Pedestrian and bicycle accidents in the United States result in approximately 80,000 and 50,000 injuries each year, respectively. Though pedestrians and bicycles move differently, they share important characteristics as both have little protection during a roadway collision with a motor vehicle.
A standard can be defined as a document issued by a recognized agency, and dealing with design and/or safety requirements relating to a specific product or type of activity. Such agencies include the U.S. Occupational Safety and Health Administration (051-IA) and the American National Standards Institute (ANSI). OSHA standards are generally legally binding for an employer, while ANSI standards are generally of an advisory nature. The term "industry standard," however, is ordinarily taken to have a broader meaning, including formal standards as just defined, and also including designs and procedures not required in formal standards, though prevailing in a specific industry, and which represent generally accepted custom and practice.
Persons with no training in engineering are generally unaware of the nature of engineering analysis, and so tend to assume that testing, as a means of determining the causation of accidents, is a dominant tool of the engineer. In the following examples, we shall undertake to explain the nature of engineering analysis, and to show that it is more basic than testing because testing without analysis is meaningless. Further, while analysis is always necessary in accident reconstruction, testing is only sometimes necessary.
Second to automobile accidents, accidents due to falls are the leading cause of injury and death. Of these, accidents due to slipping (not tripping) form a large proportion. Slipping may occur on floors, walkways, and stairs or steps. For Introductory purposes, however, the present discussion will be limited to slipping on flat surfaces such as a floor or sidewalk.
When a person becomes aware of a dangerous situation, a time-interval must elapse before he can take defensive action against it. This time interval, commonly called the reaction time, has been found to be about 0.7 second for all normal persons, regardless of their background and training. This suggests that the reaction time depends on some basic aspect of the human physiology-involving the brain, nervous system, and muscles-which does not vary much from person to person.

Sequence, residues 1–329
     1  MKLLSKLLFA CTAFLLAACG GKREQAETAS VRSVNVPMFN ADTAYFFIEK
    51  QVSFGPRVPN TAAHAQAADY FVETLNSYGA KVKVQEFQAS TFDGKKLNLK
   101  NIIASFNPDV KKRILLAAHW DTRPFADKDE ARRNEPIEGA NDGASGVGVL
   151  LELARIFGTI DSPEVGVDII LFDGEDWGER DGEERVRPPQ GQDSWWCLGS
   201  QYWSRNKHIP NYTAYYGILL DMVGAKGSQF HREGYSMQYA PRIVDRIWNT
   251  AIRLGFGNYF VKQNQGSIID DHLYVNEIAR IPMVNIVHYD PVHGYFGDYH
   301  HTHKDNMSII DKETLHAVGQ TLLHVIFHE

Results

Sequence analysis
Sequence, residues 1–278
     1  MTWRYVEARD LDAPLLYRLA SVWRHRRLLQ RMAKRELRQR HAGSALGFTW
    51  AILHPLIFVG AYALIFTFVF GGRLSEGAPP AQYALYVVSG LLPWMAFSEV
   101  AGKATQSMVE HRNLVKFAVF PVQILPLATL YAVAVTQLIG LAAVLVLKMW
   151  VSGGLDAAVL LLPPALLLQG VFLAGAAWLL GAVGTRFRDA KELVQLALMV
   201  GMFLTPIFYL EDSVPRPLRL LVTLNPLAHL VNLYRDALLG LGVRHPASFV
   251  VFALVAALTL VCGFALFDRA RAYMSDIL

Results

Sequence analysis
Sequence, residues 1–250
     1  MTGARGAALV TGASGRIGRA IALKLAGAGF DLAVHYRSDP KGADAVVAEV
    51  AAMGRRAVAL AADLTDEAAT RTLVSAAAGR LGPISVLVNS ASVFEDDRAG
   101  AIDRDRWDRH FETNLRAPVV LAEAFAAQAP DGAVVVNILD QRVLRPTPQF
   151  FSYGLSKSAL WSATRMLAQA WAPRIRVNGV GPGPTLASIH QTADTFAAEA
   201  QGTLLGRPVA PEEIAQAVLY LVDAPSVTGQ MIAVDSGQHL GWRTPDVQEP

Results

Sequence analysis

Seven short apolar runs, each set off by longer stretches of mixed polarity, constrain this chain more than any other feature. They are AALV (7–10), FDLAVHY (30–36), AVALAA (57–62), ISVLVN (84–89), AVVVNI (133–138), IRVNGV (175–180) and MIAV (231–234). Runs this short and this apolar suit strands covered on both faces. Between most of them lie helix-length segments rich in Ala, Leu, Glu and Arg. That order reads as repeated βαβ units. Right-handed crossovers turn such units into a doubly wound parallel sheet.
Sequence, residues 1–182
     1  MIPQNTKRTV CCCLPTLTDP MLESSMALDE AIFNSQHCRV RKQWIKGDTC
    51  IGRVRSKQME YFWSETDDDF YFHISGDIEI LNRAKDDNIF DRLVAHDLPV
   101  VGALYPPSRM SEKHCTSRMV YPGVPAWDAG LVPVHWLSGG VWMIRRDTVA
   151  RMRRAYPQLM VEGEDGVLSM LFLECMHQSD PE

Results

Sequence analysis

A car is stopped for a light when it is unexpectedly rear-ended by a vehicle from behind. It is not a hard impact and there is little or no damage to either vehicle, because the energy absorbing bumpers have protected them. Nevertheless, the passengers of the struck vehicle complain of neck, shoulder and back pain. The next day they allegedly experience even greater pain and visit a medical person who claims that they have been injured. Insurance claim representatives, attorneys, medical, engineering and biomedical experts are then brought in and various conflicting allegations, testimony and opinions are expressed. Do we have a legitimate injury claim on our hands or a situation of fraud?
Accident reconstructionists are often called on to determine the distance that a car, covers while being braked to a stop. Conversely, the reconstructionist may be given information as to the length of the skidmarks left by a car on the roadway, and may be asked to determine how fast the car must have been going at the beginning of the skid. An expert can accomplish this with considerable accuracy, based on a knowledge of the physical principles that are involved, plus available information relating to the friction of tires on various types of road surfaces.
According to the Consumer Products Safety Commission (CPSC), there are approximately 10,000 golf car related injuries requiring emergency room treatment in the US each year. One significant mode of injury in golf car accidents is passenger ejection, which can lead to serious injuries, especially of the head. Based on CPSC statistics, roughly 35% of golf car accidents involve a person falling out of the car. In addition to ejection accidents, at least 10% of golf car accidents involve a rollover and statistics indicate that such accidents are roughly twice as likely to lead to injuries requiring a hospital stay as non-rollover accidents.
According to Consumer Product Safety Commission (CPSC) accident estimates, tens of thousands of stepladder accidents requiring emergency room treatment occurred annually in the United States. Approximately 85-90% of these accidents involve the user falling from the ladder and 8-9% of these injuries are serious enough to require that the victim be admitted to a hospital. In addition to posing a severe health concern, these accidents have significant loss-of-wages and high medical expense implications.
Participation of the proper automotive expert in a personal injury lawsuit can govern its success. This article develops four basic principles to optimize their use, while minimizing their cost, and describes some important techniques used by the accident reconstructionist